1. Infinite Limit Proof

I need to prove:

lim (x^4)-(2(x^2)) = +inf
x->+inf

Any suggestions?

2. Hi,

Hint : $\displaystyle x^4-2x^2=x^4\left(1-\frac{2}{x^2}\right)$

3. I don't know how to do it. The problem is done and over with, but I still would like to know how to get the answer for my own knowledge.

4. Originally Posted by Calc1stu
I don't know how to do it. The problem is done and over with, but I still would like to know how to get the answer for my own knowledge.
$\displaystyle \lim_{x\to\infty}x^4\left(1-\frac{2}{x^2}\right)=\lim_{x\to\infty}x^4\cdot\lim _{x\to\infty}\left(1-\frac{2}{x^2}\right)=\infty\cdot{1}=\infty$

5. It was supposed to be an epsilon delta proof.

6. You want to show that for every $\displaystyle M > 0$, there exists $\displaystyle N > 0$ such that whenever $\displaystyle x > N$, it necessarily follows that $\displaystyle f(x) > M \Leftrightarrow x^4 - 2x^2 > M$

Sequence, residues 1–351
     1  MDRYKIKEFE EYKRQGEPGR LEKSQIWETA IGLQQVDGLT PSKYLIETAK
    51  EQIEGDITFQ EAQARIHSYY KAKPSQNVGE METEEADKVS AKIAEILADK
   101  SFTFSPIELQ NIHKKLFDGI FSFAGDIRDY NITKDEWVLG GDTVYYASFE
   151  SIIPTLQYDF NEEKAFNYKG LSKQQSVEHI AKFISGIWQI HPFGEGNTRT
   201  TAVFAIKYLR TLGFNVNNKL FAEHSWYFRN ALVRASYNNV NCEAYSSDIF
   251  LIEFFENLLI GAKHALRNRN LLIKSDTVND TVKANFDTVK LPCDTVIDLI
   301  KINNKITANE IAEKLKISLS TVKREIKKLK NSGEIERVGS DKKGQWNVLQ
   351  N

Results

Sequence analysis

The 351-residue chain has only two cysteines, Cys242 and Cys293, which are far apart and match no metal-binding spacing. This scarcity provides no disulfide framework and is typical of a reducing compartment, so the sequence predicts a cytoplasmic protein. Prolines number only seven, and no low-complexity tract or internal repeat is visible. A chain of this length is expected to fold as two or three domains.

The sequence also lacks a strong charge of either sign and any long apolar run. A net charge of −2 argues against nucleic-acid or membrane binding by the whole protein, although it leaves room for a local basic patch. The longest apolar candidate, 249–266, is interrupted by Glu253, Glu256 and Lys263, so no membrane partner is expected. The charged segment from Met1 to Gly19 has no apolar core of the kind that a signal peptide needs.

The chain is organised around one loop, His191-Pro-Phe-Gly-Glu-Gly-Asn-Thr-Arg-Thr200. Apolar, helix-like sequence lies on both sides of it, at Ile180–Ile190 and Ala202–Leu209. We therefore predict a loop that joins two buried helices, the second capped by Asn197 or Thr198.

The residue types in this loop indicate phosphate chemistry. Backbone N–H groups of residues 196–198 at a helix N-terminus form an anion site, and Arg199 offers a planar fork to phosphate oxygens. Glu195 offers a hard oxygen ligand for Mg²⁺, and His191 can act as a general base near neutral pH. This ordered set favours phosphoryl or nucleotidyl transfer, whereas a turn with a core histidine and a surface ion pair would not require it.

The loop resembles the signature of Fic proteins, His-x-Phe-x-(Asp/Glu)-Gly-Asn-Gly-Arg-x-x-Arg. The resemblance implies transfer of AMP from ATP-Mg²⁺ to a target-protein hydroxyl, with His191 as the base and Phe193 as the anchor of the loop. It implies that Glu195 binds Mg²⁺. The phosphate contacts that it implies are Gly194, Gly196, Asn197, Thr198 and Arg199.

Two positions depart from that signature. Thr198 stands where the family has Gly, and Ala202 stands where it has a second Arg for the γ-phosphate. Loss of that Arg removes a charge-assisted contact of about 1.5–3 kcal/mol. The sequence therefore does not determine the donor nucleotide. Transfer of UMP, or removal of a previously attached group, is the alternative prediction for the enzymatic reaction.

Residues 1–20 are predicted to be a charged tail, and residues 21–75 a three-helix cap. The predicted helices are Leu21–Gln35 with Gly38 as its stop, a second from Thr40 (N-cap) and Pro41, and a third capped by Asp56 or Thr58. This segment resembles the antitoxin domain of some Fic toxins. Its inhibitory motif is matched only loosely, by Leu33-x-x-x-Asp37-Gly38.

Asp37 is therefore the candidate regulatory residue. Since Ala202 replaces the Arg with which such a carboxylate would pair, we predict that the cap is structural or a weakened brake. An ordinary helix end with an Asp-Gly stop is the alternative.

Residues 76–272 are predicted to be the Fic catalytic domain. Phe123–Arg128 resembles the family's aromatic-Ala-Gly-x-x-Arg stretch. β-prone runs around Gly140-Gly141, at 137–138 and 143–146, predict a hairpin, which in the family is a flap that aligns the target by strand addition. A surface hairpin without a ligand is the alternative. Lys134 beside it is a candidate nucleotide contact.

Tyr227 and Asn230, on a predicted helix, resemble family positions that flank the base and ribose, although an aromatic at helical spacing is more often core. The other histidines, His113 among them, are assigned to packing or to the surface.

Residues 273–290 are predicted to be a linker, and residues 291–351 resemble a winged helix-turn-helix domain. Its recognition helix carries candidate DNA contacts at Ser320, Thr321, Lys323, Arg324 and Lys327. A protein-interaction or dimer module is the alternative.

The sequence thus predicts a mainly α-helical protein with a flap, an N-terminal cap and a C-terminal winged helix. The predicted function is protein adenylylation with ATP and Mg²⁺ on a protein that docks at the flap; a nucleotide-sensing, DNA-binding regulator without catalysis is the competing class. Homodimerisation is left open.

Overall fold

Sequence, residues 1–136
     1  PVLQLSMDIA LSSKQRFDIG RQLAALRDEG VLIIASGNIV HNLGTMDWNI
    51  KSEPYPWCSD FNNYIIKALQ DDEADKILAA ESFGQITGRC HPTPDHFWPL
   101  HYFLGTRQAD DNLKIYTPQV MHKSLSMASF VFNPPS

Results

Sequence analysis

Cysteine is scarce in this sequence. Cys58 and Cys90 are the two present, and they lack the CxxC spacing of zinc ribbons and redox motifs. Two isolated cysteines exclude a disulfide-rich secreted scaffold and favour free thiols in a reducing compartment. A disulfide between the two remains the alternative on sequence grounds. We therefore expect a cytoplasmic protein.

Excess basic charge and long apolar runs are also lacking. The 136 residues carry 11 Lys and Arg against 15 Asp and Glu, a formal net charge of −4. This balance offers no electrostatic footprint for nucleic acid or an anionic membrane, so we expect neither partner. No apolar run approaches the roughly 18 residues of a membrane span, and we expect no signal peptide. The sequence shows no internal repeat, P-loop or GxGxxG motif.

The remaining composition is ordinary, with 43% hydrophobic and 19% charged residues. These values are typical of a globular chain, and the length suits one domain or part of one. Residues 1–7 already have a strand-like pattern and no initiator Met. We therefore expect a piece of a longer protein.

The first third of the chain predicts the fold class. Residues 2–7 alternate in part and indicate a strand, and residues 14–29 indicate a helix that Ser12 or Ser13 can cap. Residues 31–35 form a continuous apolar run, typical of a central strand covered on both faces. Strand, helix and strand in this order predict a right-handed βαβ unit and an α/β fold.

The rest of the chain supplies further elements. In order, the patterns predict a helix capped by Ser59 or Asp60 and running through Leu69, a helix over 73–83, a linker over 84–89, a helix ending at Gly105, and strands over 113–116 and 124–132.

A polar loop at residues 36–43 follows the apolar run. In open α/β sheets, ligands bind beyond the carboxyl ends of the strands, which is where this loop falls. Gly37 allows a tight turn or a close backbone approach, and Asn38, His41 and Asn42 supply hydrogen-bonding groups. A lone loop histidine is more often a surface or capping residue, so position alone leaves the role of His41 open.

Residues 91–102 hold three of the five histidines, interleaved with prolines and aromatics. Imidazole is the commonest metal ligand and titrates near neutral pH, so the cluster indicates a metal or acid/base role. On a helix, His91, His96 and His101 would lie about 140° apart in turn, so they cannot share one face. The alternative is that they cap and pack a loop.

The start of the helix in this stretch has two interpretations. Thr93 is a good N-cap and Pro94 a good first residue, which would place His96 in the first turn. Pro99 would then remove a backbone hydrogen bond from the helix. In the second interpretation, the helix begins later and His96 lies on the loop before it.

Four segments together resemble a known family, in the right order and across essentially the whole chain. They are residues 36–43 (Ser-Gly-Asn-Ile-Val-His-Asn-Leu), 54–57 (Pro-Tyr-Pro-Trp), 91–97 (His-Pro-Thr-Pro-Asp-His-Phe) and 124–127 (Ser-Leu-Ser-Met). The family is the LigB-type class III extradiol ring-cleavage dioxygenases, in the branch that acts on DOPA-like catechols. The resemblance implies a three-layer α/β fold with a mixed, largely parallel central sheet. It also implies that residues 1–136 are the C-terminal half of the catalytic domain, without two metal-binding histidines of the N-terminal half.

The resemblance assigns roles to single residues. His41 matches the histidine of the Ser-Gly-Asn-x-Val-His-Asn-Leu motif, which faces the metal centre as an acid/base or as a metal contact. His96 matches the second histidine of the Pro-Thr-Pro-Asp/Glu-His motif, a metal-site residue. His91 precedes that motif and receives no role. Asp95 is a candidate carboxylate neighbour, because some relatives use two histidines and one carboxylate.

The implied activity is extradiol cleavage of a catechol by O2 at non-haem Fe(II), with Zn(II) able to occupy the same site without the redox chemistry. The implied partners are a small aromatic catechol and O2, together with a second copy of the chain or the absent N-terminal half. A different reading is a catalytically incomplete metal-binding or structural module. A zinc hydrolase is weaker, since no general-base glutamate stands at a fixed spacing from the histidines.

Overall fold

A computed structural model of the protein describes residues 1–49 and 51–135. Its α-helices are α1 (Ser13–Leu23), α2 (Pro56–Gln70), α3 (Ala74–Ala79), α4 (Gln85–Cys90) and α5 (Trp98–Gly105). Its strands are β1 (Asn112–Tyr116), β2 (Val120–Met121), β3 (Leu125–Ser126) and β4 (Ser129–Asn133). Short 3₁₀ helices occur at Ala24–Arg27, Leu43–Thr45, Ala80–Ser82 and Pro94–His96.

Consider the latter expression as an equality:
$\displaystyle x^4 - 2x^2 = M$

$\displaystyle \Leftrightarrow x^4 - 2x^2 - M = 0$

$\displaystyle \Leftrightarrow x^2 = \frac{2 \pm \sqrt{(-2)^2 - 4(1)(-M)}}{2}$

$\displaystyle \Leftrightarrow x^2 = \frac{2 \pm \sqrt{4 + 4M}}{2}$

$\displaystyle \Leftrightarrow x^2 = 1 \pm \sqrt{1 + M}$

$\displaystyle \Leftrightarrow x^2 = 1 + \sqrt{1 + M}$ (since $\displaystyle x^2 \geq 0$ and $\displaystyle M > 0$)

$\displaystyle \Leftrightarrow x = +\sqrt{1 + \sqrt{1 + M}}$ (we're considering positive x's)

So when $\displaystyle x \ {\color{red}=} \ \sqrt{1 + \sqrt{1 + M}}$ we have that $\displaystyle f(x)\ {\color{red} =}\ M$. We want to show that for some $\displaystyle x \ {\color{magenta}>}\ N$, we have that $\displaystyle f(x) \ {\color{magenta}>}\ M$

Now consider: $\displaystyle x \ {\color{magenta}> }\ \sqrt{1 + \sqrt{1 + M}} > 0$. Can you finish?

7. As far as epsilon and delta are concerned which is M and N. I don't know where to go from there. All we ever usually do or did was a basic function.